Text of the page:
Posted on

Nothing wrong with believing in season’s magic

I’m going to be an aunt!
OK, for clarification, I already am an aunt, to two beautiful girls, Madeline and Peyton, but, unfortunately, they live in Florida and I see them only two or three times a year.
This new little one will be born in May to my brother, Matt, and future sister-in-law, McKenzie, and will be close enough for me to visit every weekend.
With the impending arrival of a new baby, that has me ‘ along with everyone else in my family ‘ thinking about new family traditions and ways to celebrate this particular holiday season and how it will all change in the years to come.
One of the changes I’m hearing about is the dismissal of Santa Claus.
I’ve heard many a mommy make cases against spreading the story of Santa Claus to their children in the past few weeks. Some say they don’t want to encourage materialism, while others simply don’t want to lie to the faces of their sweet angels. Still, others believe Santa takes away from the ‘reason for the season’ and might obscure the true holy qualities of the holiday.
For all those people, I say, bah, humbug!
I think Santa Claus, St. Nick, Father Christmas, Kris Kringle, the fat man in the red suit or whatever you want to call him provides something essential to the lives of children: a bit of magic.
Santa derives from the stories of Saint Nicholas of Myra, a Christian figure in the fourth century. Found in present-day Turkey, he was famous for his generosity to the underprivileged, especially with his gifts. He was ultimately persecuted for his love of Christ and Christianity.
Without Christ, there wouldn’t be a Santa Claus, whose name was taken from the Dutch ‘Sinter Klaas,’ the name for St. Nicholas.
If we teach our children, nieces, nephews, grandchildren, cousins and friends that Santa is a giver, a man who is generous and kind and always looking out for us, what harm can that do? And if you’re so inclined to tie in Santa with Christ, the imagery is fuller and the stories more vibrant.
Plus, it just seems natural. Admittedly, I haven’t been in an elementary school classroom in quite a few years, but doesn’t Santa still come up? Don’t the kids see Christmas movies and hear stories of Santa or are they too jaded for that now? And if they are, isn’t it their parents’ faults?
I asked my mom how I found out that Santa was all a ruse, and Mom said she was of the belief that, if I ever asked, she would be honest with me. Turns out, she shouldn’t have worried. Classmates (probably those whose parents robbed them of Christmas joy) told me during my kindergarten year that I was dumb for believing in the jolly man, and I cried to my mother for help. She said she sat me down and explained that, no, there wasn’t actually a Santa, but that it was really her and Dad who put the gifts under the tree. Of course, later I was the one responsible for ruining Santa for my brother, but at least we had some years of believing. And it’s something my mom doesn’t regret letting us believe in.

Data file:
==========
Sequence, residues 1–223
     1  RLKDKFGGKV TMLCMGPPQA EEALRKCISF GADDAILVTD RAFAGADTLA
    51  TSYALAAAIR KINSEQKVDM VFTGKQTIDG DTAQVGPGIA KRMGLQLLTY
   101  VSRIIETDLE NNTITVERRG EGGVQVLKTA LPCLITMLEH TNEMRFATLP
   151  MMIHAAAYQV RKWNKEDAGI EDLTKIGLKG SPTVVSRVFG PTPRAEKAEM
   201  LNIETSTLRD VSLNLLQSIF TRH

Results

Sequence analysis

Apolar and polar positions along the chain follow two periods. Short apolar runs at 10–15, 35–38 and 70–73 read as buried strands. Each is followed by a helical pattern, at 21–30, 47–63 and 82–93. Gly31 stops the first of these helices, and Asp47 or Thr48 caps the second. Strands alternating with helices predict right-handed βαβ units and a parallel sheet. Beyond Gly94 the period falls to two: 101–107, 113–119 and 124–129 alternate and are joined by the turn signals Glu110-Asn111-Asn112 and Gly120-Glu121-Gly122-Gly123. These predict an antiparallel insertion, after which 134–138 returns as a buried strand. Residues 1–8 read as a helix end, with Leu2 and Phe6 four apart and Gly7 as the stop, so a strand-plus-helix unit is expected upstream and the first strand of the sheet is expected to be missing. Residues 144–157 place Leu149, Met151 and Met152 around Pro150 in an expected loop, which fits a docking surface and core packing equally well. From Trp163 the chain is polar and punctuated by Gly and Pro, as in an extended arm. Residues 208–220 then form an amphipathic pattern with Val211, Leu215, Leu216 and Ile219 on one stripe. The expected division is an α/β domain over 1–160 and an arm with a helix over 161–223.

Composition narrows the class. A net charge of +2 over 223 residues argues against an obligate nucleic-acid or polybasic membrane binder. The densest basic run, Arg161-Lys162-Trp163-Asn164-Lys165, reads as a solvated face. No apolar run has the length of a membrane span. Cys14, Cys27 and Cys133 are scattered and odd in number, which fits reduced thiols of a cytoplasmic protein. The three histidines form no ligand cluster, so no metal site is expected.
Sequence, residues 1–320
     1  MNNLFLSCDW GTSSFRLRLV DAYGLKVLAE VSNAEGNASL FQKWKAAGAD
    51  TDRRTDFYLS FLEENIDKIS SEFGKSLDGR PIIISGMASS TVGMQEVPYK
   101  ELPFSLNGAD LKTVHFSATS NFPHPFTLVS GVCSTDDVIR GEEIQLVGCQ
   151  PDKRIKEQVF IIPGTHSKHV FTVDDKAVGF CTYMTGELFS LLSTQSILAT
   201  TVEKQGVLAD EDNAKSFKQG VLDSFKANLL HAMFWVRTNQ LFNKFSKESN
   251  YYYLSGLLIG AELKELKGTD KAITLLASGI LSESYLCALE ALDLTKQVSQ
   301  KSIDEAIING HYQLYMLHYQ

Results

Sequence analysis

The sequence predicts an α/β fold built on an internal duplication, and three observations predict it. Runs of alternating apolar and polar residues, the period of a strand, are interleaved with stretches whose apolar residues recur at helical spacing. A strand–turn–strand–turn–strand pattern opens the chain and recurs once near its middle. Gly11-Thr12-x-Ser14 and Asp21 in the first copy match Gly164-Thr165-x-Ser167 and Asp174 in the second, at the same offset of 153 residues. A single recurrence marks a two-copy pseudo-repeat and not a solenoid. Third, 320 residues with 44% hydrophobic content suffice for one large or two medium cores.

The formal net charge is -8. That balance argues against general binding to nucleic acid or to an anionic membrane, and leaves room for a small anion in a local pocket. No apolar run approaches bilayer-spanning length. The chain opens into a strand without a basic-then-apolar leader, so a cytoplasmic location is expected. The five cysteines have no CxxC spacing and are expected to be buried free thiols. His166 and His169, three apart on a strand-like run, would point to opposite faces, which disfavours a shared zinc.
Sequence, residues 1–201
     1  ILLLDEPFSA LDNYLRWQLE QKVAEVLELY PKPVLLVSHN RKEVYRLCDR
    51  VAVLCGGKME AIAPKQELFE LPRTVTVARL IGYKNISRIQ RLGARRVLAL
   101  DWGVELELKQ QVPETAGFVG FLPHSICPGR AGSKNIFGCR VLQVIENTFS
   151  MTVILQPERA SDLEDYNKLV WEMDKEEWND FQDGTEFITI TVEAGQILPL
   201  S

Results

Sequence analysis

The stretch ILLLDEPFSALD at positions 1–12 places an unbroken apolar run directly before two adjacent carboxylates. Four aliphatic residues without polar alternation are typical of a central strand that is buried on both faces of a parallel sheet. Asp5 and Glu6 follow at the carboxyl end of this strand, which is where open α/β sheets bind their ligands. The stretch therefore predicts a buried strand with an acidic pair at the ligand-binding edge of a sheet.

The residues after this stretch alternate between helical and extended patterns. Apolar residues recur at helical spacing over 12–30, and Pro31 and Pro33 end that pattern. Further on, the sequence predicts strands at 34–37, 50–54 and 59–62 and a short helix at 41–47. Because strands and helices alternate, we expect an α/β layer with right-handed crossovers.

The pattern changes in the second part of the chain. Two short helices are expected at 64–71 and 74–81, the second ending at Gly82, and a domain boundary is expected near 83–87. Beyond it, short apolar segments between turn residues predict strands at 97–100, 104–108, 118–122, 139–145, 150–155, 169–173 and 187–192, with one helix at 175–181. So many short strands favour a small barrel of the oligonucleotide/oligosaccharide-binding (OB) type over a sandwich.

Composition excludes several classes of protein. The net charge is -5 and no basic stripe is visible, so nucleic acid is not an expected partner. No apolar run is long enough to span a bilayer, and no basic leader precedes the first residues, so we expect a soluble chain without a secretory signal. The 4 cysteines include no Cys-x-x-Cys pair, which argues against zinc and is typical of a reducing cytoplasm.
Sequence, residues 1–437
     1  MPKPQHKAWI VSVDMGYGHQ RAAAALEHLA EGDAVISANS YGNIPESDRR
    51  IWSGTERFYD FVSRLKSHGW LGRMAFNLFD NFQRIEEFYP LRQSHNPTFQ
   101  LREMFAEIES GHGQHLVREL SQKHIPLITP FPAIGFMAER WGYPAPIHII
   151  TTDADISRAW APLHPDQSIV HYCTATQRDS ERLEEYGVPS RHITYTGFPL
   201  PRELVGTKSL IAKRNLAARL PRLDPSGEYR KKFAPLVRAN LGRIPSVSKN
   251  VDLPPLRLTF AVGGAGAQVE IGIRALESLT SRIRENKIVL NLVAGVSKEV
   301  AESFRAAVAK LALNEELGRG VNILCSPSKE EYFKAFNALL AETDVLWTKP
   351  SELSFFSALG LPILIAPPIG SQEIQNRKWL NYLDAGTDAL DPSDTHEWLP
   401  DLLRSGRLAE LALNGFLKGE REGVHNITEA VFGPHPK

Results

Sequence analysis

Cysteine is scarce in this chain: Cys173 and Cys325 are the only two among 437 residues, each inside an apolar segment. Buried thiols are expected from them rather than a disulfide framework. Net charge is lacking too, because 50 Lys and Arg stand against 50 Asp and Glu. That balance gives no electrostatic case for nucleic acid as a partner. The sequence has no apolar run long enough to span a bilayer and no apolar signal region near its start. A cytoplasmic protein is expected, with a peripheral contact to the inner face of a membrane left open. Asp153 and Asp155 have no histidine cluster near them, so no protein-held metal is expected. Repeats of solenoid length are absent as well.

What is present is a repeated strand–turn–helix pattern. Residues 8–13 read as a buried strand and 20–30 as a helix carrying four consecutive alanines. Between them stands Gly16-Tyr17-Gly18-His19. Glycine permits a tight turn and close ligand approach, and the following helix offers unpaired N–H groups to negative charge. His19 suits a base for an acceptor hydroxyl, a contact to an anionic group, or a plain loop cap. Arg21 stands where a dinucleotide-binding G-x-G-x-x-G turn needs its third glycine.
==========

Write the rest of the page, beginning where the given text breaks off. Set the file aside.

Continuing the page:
I’m glad I had the chance, for some point in my life, to believe in magic. It must have been wondrous and exciting. I’m not scarred for life, overly materialistic or angry at my parents for lying to me. I also haven’t lost the real meaning of Christmas. In fact, if anything, I think I’d be sad if my parents hadn’t let me believe in Santa, his reindeer, Mrs. Claus, the North Pole and all the magic in between. I’d feel like I missed out on some big party everyone else attended, to be honest, or like everyone is sharing a big secret, except me.
I’ll encourage my brother and his fiancee to tell their new baby about Santa, the Easter bunny, the tooth fairy and any other fable I can think of, because I want my nieces and nephews to experience the magic of believing in the impossible. Because I know a little of that magic still has roots inside me today, as I always secretly listen for reindeer hoofs on my rooftop on Christmas Eve and listen closely to hear something, or scan the sky for a red comet that could be Santa’s sleigh. I hope I always will.
Merry Christmas and happy holidays to all the readers of The Corydon Democrat. I hope as you celebrate this magical holiday next Tuesday, you’ll share the joy of the season with family and friends, and remember the true reason we gather together.